LB Nail Diggs
Diggs was a five-year starter for the Packers in the 2000s. During that time Diggs recorded 311 tackles, seven sacks, and four interceptions. He never had an outstanding season, but he was a solid starter for half of the decade.
CB Charles Woodson
No defensive player has been better for the Packers during the 2000’s than Charles Woodson. Since arriving in Green Bay from Oakland in 2006, Charles has intercepted 28 passes. That comes out to about one interception for every nine quarters played. In 2009 he took home top honors, winning NFL Defensive MVP.
CB Al Harris
Al Harris made his living being one of the nastiest cover men in the league. Known for his press coverage abilities, Harris dominated opponents at the line of scrimmage. Harris earned Pro Bowl honors in 2007 and 2008.
S Darren Sharper
Sharper was great in green and gold. He recorded 70-plus tackles three times and collected 31 interceptions over five seasons. Sharper was named to the Pro Bowl in 2002 and was the best player on the Packers defense from 2000-2004.
S Nick Collins
Nick Collins' career caught fire the last two seasons of the decade. His 13 interceptions over that span earned him consecutive Pro Bowl invitations. Collins started four seasons for the Packers during the 2000s.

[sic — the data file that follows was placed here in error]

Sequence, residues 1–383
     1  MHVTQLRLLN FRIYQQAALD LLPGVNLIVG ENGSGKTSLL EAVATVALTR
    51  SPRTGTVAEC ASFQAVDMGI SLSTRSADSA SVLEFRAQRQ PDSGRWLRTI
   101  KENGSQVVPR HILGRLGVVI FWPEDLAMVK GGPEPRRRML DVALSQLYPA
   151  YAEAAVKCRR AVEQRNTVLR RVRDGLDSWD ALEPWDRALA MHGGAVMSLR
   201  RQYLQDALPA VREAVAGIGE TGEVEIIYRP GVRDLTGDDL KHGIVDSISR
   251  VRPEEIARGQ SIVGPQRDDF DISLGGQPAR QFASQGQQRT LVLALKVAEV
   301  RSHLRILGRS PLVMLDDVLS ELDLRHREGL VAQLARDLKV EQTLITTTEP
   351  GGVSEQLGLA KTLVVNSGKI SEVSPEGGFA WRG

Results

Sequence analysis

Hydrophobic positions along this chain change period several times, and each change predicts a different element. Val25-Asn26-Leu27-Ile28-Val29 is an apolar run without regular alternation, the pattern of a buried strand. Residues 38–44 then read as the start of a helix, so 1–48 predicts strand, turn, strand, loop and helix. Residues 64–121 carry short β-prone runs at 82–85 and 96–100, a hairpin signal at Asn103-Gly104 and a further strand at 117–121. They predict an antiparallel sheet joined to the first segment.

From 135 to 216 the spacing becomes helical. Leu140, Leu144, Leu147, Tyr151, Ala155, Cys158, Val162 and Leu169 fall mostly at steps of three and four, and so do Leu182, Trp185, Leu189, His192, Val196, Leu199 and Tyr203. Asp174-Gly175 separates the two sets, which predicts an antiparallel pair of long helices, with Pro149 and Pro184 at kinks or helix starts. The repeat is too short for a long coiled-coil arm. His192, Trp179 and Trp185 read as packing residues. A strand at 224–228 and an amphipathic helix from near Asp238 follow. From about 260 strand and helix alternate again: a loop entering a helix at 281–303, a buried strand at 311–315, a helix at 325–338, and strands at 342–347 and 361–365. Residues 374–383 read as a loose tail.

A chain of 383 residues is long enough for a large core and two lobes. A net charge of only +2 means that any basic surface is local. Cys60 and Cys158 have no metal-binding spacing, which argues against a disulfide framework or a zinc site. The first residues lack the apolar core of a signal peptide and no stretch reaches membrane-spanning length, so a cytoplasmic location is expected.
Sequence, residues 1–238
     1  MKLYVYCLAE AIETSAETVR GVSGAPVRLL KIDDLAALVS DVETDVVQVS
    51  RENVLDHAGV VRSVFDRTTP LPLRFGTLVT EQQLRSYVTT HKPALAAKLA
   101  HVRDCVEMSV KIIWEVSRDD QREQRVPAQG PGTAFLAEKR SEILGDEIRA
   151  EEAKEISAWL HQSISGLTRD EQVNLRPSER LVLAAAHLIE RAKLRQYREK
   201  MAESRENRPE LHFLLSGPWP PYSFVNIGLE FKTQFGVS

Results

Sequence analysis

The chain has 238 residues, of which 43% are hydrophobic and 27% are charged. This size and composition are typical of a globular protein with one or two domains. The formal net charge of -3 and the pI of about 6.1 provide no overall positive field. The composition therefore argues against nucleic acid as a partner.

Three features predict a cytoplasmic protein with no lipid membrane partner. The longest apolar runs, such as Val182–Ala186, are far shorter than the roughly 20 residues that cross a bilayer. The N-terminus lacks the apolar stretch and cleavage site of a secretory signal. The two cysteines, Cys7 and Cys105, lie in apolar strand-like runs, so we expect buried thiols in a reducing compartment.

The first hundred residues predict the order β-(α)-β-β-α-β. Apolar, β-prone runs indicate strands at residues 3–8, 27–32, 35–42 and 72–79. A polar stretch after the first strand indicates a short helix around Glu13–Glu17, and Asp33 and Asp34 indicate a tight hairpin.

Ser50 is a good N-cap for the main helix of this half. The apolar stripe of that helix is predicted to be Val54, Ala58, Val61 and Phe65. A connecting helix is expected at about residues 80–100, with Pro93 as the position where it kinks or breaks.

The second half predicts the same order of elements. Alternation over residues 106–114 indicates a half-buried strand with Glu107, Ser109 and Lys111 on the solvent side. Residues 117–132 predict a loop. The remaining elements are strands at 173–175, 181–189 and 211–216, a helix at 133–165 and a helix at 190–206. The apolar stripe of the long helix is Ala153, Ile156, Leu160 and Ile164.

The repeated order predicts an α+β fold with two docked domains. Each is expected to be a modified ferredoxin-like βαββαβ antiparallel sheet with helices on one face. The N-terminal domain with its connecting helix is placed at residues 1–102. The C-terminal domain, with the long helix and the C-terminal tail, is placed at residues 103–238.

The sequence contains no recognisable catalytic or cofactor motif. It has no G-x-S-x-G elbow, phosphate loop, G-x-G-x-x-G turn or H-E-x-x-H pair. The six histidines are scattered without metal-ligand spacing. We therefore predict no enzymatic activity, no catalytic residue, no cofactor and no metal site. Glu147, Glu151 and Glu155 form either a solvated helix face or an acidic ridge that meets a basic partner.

K Ryan Longwell
The greatest kicker in Packers’ history. Longwell displayed great accuracy and clutch kicking ability for the Packers during the decade.
P Josh Bidwell
Since Bidwell left the Packers, the punting situation has been a mess. Bryan Barker, BJ Sander, Jon Ryan, Derrick, and Jeremy Kapinos have all been wildly inconsistent. Interestingly, this may be the most obvious pick of all.
Coach Mike McCarthy
McCarthy led the Packers to a 36-26 record over his four years as head coach. His 13-3 season earned him Coach of the Year honors and a trip to the NFC Championship game in 2007. It was the first time a Packers’ coach led his team to the NFC Championship since 1997, when Mike Holmgren’s Packers beat the Carolina Panthers.